Curcumin ameliorates severe influenza pneumonia via attenuating lung injury and regulating macrophage cytokines production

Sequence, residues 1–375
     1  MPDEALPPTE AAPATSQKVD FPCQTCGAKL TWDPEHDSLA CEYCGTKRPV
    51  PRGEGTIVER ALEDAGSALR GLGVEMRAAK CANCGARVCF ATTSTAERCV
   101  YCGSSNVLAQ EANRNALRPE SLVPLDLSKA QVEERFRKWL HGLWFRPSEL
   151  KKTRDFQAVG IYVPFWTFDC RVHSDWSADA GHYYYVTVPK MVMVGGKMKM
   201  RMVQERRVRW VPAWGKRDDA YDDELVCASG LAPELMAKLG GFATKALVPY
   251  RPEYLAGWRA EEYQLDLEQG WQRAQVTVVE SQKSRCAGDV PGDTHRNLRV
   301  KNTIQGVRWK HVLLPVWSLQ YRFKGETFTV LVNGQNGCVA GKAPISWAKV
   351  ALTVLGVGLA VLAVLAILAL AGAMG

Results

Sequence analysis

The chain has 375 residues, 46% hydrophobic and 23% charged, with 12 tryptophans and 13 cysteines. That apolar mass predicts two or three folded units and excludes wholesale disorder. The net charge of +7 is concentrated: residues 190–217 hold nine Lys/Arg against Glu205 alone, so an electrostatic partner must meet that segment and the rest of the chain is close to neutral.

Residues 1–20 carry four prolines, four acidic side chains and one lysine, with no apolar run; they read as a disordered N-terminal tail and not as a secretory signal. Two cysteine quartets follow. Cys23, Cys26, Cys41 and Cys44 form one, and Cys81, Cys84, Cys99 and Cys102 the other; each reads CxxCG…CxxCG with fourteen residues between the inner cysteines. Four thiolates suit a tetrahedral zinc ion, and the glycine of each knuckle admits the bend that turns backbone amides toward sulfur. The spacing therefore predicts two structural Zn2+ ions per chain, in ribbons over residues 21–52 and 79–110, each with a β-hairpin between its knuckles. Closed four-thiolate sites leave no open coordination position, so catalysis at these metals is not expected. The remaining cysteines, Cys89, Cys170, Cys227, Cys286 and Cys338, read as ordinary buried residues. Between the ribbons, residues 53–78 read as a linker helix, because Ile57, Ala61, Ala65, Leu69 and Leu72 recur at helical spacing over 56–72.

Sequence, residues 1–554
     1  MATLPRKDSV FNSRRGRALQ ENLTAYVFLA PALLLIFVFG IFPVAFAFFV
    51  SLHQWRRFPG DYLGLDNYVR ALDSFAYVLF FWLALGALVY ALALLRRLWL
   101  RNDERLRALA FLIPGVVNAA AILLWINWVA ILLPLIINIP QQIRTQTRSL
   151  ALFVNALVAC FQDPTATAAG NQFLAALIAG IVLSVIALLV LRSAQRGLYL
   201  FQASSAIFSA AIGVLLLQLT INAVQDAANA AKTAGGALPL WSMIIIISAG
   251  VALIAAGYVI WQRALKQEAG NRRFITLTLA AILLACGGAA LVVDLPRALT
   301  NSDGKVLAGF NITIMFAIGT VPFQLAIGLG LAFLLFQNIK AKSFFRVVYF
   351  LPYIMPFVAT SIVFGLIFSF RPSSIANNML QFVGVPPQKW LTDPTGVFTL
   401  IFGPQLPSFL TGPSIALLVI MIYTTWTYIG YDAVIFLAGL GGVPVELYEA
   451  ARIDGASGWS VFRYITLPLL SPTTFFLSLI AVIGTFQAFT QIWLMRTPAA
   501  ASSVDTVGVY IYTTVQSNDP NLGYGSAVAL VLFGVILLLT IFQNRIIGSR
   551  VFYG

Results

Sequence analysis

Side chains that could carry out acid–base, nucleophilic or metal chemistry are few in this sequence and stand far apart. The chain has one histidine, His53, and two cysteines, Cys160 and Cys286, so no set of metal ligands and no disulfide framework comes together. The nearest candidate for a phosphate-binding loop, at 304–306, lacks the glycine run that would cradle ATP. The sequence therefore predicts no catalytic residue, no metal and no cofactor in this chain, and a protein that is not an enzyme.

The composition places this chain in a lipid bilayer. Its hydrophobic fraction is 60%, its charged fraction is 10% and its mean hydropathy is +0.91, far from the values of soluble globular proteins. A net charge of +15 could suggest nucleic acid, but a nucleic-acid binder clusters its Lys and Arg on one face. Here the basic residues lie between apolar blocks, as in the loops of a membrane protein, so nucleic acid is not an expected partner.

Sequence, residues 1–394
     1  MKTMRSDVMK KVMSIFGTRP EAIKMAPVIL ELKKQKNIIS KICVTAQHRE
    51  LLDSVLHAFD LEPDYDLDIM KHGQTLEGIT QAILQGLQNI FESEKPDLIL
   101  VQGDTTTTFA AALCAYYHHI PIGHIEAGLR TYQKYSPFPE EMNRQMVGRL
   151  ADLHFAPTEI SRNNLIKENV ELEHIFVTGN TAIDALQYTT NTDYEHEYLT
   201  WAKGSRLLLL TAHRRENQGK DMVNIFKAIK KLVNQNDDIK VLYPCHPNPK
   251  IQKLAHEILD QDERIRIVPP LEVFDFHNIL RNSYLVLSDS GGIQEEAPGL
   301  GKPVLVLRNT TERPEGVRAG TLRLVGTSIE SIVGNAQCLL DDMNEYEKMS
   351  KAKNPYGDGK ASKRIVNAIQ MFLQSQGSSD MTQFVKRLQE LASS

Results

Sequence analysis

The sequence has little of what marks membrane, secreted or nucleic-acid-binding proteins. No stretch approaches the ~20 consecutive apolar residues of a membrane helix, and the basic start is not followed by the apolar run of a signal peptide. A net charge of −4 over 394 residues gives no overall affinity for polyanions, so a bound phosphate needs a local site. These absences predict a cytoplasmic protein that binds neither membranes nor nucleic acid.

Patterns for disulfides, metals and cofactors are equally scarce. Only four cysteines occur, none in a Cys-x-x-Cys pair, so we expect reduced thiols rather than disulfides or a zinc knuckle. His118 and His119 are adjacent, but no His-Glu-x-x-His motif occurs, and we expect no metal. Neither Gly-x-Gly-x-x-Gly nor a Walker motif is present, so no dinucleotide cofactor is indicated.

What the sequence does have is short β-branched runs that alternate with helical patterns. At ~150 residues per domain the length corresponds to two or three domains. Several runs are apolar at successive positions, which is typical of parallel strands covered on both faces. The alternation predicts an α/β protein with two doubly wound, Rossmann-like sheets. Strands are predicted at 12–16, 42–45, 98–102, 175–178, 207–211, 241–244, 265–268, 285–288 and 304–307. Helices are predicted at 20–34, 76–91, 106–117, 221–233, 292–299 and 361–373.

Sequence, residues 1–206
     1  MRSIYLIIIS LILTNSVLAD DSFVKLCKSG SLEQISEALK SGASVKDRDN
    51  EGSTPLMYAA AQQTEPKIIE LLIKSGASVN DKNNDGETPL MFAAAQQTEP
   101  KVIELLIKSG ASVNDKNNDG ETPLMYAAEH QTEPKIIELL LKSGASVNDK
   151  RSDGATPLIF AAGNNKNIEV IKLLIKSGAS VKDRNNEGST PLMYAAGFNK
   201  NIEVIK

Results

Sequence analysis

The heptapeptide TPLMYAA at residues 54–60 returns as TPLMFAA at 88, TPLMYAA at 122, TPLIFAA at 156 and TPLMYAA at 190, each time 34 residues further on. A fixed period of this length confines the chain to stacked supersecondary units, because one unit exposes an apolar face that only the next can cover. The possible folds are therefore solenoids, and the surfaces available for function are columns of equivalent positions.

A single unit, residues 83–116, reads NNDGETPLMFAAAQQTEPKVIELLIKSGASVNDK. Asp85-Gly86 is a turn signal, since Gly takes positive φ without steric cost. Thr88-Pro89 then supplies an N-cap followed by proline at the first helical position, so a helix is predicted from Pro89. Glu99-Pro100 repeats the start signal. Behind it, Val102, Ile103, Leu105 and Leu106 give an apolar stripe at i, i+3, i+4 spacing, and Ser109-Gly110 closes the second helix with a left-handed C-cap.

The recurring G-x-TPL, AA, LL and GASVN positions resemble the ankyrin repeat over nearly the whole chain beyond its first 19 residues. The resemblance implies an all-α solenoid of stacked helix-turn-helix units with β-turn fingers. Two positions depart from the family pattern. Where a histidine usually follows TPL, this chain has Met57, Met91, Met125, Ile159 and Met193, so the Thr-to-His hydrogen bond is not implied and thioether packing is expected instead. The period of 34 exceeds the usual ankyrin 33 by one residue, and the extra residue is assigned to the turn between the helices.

Curcumin, an active phenolic agent extract from the Curcuma longa, exhibits excellent anti‐cancer, anti‐inflammation, and neuroprotective effects. We aimed to investigate the anti‐influenza role of curcumin in vitro and in vivo. The effect of curcumin on replication of influenza A virus (IAV) was examined in human lung cancer cell line A549, as well as in a mouse model. Curcumin could inhibit IAV in vitro and alleviate the severity of the disease in the mouse after infection with IAV. The results also indicated that curcumin could trigger expression of Heme oxygenase‐1 in vivo and attenuate IAV‐induced injury to the lung tissue. Furthermore, curcumin could regulate immune response following IAV infection through inhibiting production of local inflammatory cytokines. In addition, curcumin was found to inhibit NF‐κB signalling in macrophages, as well as the subsequent production of cytokines/chemokines responding to IAV infection, by enhancing IκBα and AMPK. Our current study supports the potential of curcumin as a promising treatment against IAV infection, whose effect may be mediated by regulating immune response to prevent injury to the lung tissue.
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